The Rossini Variations is the fourth solo piano album by Mario Mariani, a unique figure of its kind. Showman and shaman, unpredictable performer and creative interpreter who has always dealt with the piano as an instrument of knowledge and dialogue with the audience, the composer and pianist from Pesaro has distinguished himself in the international scene for his style using in his performances a wide variety of piano extended techniques, many of them of his own invention. The Rossini Variations is released a year after the The Soundtrack Variations (dedicated to cinema) and presents a captivating path, which combines respect for the Rossini figure and a whimsical, ironic but never excessive interpretation. “For years now and then I performed some paraphrases and variations on Rossini overtures and the probably the triggering event that led me to this perhaps was the repair of my beloved Steinway of 1906 (on which I later recorded Rossini Variations) making me, after years of radical experiments, feeling again the desire to play classical music. Although in “my way”… The preference initially went to the most popular pieces, so as to allow the audience to appreciate the particular sounds and variations, with the addition of some “musicological” gems like the one-note-only version of Mi lagnerò tacendo (I will complain silently) on the text of Metastasio and the Variations on La Petite Messe Solennelle that allowed me a musical excursion from John Dowland to the Addams Family, making the verse also to that “piano minimalism” that is so fashionable today and that I prefer to call “minimism”, which I’m not a big fan “.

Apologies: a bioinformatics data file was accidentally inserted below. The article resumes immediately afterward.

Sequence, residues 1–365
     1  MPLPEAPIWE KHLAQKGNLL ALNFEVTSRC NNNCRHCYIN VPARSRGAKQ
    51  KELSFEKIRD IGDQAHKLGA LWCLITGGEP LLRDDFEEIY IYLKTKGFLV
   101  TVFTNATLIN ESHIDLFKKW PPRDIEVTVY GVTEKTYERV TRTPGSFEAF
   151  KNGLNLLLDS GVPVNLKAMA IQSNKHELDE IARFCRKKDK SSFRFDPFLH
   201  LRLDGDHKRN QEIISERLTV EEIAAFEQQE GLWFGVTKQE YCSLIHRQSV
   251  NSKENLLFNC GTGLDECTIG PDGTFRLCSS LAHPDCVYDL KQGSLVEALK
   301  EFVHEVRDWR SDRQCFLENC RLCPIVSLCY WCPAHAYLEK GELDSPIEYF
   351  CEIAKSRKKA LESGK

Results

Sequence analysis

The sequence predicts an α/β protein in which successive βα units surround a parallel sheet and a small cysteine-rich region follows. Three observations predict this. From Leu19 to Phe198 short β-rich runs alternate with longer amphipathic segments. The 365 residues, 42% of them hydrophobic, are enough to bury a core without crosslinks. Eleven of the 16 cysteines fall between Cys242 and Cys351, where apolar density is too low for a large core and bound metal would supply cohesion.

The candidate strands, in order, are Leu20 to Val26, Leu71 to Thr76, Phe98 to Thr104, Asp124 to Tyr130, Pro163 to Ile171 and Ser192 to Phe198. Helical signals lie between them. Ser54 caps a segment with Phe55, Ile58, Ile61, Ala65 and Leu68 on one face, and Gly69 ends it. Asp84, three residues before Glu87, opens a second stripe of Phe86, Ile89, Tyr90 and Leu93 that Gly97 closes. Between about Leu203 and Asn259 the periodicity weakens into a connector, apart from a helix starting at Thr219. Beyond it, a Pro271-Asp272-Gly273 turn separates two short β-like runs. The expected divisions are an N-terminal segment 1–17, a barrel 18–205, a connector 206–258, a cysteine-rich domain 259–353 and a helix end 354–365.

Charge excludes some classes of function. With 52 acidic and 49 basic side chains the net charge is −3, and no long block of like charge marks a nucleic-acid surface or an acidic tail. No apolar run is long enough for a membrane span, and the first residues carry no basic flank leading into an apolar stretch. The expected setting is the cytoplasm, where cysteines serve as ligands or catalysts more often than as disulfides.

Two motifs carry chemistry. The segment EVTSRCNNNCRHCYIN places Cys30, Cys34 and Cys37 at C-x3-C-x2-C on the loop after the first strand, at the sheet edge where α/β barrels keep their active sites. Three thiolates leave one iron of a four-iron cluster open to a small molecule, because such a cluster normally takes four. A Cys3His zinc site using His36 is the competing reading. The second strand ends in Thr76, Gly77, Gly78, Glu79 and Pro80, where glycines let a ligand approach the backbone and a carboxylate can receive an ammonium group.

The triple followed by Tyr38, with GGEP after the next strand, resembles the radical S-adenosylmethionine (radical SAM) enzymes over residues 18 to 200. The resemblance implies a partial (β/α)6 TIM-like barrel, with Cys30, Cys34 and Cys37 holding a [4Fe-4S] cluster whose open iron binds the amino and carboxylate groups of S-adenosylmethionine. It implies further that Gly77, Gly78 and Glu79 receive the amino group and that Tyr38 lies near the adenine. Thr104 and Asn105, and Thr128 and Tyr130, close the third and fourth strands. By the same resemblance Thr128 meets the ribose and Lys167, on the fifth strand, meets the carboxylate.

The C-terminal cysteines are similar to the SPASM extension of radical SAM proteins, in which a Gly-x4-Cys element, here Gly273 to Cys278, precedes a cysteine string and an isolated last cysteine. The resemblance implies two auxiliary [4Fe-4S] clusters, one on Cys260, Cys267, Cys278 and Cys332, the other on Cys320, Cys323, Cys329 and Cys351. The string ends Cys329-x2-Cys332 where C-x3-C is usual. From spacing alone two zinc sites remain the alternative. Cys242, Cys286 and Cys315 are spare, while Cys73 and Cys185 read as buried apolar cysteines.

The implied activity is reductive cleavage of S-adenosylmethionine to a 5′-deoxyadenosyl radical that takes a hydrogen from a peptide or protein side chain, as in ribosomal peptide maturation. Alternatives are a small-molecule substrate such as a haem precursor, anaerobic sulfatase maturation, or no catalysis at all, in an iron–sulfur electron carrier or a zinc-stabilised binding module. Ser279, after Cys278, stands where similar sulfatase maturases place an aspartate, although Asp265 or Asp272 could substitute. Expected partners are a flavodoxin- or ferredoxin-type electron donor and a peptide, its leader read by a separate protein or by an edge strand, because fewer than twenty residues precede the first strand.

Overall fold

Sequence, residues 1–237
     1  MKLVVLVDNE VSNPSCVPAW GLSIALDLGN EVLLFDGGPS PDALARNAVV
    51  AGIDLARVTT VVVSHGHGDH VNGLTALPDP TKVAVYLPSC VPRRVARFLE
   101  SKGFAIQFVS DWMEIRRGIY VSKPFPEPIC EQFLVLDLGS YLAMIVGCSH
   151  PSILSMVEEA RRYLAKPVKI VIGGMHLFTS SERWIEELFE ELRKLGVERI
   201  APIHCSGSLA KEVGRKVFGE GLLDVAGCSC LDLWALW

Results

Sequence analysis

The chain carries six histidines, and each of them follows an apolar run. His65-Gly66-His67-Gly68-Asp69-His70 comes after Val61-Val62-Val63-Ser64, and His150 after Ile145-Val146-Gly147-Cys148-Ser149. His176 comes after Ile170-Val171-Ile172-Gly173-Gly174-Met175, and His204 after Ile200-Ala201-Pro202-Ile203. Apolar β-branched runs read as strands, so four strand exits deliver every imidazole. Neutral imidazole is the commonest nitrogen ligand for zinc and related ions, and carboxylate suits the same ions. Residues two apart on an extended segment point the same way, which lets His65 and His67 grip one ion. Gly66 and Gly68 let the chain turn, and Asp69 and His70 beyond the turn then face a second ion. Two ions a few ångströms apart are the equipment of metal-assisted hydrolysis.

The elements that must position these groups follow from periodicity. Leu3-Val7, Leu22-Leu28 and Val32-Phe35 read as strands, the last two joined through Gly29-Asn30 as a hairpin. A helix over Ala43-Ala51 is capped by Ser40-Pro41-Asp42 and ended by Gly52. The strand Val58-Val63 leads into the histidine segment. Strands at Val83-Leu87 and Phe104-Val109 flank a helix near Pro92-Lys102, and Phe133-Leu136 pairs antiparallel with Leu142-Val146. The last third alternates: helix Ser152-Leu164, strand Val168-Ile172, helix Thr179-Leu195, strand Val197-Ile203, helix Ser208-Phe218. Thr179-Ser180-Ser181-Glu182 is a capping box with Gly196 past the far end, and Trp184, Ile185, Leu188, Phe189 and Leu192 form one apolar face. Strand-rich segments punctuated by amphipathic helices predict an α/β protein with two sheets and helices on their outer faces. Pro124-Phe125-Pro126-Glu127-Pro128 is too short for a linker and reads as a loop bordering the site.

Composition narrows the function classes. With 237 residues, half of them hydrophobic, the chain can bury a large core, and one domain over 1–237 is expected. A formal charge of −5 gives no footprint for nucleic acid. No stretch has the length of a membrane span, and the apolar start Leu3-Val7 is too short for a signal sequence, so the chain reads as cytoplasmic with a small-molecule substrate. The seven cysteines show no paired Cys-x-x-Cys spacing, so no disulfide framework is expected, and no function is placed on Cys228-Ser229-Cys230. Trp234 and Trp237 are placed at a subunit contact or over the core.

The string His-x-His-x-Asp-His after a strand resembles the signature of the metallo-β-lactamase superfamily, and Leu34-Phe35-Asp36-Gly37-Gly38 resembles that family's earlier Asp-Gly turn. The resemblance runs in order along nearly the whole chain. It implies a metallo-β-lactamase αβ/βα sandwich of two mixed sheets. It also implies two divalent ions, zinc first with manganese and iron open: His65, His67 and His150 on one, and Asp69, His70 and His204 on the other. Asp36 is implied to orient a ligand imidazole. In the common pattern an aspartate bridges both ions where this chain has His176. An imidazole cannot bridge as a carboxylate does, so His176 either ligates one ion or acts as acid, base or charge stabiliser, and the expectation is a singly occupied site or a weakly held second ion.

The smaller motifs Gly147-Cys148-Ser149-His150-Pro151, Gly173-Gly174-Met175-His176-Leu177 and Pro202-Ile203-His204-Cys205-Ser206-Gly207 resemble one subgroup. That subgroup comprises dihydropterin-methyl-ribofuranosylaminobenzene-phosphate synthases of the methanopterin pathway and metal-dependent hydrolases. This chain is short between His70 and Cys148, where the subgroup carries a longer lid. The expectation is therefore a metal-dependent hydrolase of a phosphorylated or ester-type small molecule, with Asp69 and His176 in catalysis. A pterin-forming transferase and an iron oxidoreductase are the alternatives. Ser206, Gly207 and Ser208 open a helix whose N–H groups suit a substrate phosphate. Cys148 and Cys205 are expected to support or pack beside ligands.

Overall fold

The Rossini Variations is released on the occasion of the 150th anniversary of Rossini’s death (1868-2018) with remakes, variations and improvisations of the most famous pieces including the overtures of Gazza Ladra, William Tell and L’Italiana in Algeri, the Largo al Factotum, the “Duetto funny of two cats “and the famous Tarantella. The transcriptions by Mariani are flanked by polystylistic variations with moments of improvisational nature, to make the sparkling Rossinian spirit that, to use Stendhal’s words, “takes away all the sad emotions from the soul”. Mariani again: «When I speak of an “anti-pianistic” Rossini, I refer to the difficulty of transcribing a music originally written for orchestra, an operation made even more difficult by the sparkling Rossini spirit, full of ribattuto (playing the same note fastly for many times) that is one of the most difficult piano technique issues. Rossini himself was “pleased” of the performance difficulty of his music especially on the piano, particularly in the transcriptions. And it is said that when Liszt presented him with a transcription, however excellent, it should be the William Tell, Rossini felt a little bit disappointed” … ».